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Articles, Tutorials, and other things. => General Programming => : Richard Marks May 06, 2010, 08:55:02 PM



: C Square Root Functions
: Richard Marks May 06, 2010, 08:55:02 PM
I do not take credit for this code snippet. I'm posting it here for my own reference, and others.
The code was made available in André LaMothe's book: Tricks of the 3D Game Programming Gurus (ISBN 0-672-31835-0)
:
float Sqrt(float value)
{
float result;
_asm
{
mov eax, value
sub eax, 0x3F800000
sar eax, 1
add eax, 0x3F800000
mov result, eax
}
return result;
}
It is at least 3x faster than the standard sqrt() function.
The code depends on the format of the float data type.
I assume this code will only work on Intel/AMD PCs.
I've tried to understand HOW it works to no avail. I just will use it as is.

The following implementation of a square root function is my own design.
:
unsigned int Sqrt(unsigned int value)
{
unsigned int result = 0;
for (unsigned int i = 128; i != 0; i >>= 1)
{
result += i;
if (result * result > value)
{
result -= i;
}
}

return result;
}
This code executes about 2x faster than the standard sqrt() function!


The following implementation is by an unnamed member in the NDS homebrew development scene.
:
unsigned int Sqrt(unsigned int n)
{
unsigned int a;
for (a = 0; n >= (2 * a) + 1; n -= (2 * a++) + 1);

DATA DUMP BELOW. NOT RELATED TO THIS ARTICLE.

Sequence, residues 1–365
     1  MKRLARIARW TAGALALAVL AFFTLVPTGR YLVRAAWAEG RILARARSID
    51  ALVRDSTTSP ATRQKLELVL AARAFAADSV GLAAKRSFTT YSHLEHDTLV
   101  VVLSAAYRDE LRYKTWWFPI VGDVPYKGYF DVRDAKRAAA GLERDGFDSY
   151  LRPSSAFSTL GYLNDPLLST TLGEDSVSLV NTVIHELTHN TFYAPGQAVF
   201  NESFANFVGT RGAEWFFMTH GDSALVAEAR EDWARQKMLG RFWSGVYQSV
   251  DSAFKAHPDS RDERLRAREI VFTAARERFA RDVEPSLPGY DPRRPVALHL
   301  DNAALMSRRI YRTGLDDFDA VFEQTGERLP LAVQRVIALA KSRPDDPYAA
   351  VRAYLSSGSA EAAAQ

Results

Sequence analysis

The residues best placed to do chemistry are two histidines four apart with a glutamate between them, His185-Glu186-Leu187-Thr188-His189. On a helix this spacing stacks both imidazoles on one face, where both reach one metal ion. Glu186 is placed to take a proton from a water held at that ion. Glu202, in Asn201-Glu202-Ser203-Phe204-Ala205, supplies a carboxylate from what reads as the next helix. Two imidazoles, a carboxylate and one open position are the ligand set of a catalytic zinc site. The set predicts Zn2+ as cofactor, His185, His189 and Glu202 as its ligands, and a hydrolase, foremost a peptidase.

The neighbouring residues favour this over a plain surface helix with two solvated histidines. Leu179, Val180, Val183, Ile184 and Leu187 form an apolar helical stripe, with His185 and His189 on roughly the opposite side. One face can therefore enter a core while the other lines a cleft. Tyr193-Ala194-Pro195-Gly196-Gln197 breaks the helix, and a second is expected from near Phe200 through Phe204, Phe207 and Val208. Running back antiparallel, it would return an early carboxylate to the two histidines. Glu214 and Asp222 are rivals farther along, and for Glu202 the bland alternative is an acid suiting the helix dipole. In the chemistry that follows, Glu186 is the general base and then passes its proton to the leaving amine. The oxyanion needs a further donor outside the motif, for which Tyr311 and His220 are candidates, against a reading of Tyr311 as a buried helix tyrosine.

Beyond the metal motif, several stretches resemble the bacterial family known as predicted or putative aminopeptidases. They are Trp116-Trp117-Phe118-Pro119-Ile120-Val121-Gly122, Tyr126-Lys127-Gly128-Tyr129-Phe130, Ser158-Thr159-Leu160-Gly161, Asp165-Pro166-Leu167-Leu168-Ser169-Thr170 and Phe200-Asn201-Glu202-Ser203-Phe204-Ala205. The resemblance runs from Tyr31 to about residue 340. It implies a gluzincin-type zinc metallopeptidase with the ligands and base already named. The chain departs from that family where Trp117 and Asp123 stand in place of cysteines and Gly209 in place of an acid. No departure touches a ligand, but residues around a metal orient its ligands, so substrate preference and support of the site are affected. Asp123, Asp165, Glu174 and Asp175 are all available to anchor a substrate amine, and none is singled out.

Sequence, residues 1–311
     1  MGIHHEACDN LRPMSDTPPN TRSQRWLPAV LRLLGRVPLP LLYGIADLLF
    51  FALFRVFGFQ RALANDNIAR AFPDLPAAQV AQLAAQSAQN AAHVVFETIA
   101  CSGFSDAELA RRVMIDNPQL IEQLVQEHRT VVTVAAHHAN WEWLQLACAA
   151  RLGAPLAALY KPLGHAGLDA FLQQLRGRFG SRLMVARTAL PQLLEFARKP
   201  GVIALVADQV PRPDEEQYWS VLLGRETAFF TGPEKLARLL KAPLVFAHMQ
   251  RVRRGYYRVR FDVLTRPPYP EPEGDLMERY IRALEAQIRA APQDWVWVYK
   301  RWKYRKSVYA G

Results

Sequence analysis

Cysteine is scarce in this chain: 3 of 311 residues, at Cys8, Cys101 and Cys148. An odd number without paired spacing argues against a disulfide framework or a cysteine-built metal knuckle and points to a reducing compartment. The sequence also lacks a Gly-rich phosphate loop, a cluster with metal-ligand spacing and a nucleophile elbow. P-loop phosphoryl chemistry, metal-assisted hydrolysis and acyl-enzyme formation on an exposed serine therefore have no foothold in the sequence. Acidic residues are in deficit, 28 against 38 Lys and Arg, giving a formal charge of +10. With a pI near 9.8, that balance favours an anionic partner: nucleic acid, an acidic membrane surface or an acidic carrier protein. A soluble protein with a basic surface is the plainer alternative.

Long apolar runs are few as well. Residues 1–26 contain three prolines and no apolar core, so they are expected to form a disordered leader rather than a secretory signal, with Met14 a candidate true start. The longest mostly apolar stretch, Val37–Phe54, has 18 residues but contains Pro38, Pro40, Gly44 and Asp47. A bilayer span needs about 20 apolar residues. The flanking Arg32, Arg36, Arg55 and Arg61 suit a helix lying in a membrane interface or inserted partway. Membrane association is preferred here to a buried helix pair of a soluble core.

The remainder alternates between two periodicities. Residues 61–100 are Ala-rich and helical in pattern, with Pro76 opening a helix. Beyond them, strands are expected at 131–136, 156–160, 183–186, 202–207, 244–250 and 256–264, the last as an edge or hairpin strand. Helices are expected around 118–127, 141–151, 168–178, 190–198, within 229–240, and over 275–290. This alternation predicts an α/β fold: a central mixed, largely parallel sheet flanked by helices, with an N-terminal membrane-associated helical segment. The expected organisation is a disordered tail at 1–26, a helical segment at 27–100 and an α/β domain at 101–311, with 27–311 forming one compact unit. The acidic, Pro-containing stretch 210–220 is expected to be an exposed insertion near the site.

return a;
}
I was disappointed to find that their code executes 4x SLOWER than the standard sqrt() function!
No soup for you!

If you've got an implementation of calculating the square root of a number, then post it here.
I tested 1,000,000 calculations using each function and timed the calculations using a high precision timer.


: Re: C Square Root Functions
: kingthomas May 06, 2010, 09:48:41 PM
This one comes from the Taylor Series for √(1 + x):

:
// calculates the square root based on the Taylor series
// higher precision is slower, but more accurate
// default is somewhat arbitrary

float sqrt(float operand, int precision = 5) {
// can't square root a negative (though this series might give you an interesting answer)
if (operand < 0)
return operand;
// x = operand - 1, since the sum is for x + 1
int x = operand - 1;
// the first is always 1
float result = 1;
for (int n = 1; n < precision; n++) {
result += (pow(-1, n) * factorial(2 * n)) / ((1 - 2 * n) * pow(factorial(n), 2) * pow(4, n)) * pow(x, n);
}
return result;
}

By the way, it only works for 0 - 2. HA HA HA!


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